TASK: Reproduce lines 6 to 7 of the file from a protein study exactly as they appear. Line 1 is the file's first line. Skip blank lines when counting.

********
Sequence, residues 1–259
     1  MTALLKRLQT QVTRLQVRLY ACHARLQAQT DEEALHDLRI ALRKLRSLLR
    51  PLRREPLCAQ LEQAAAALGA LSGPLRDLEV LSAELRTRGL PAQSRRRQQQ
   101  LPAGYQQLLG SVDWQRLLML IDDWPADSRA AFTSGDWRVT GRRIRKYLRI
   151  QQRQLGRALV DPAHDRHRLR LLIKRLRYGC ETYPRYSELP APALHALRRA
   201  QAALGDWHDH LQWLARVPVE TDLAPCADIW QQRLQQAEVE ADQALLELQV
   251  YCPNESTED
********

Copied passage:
   201  QAALGDWHDH LQWLARVPVE TDLAPCADIW QQRLQQAEVE ADQALLELQV
   251  YCPNESTED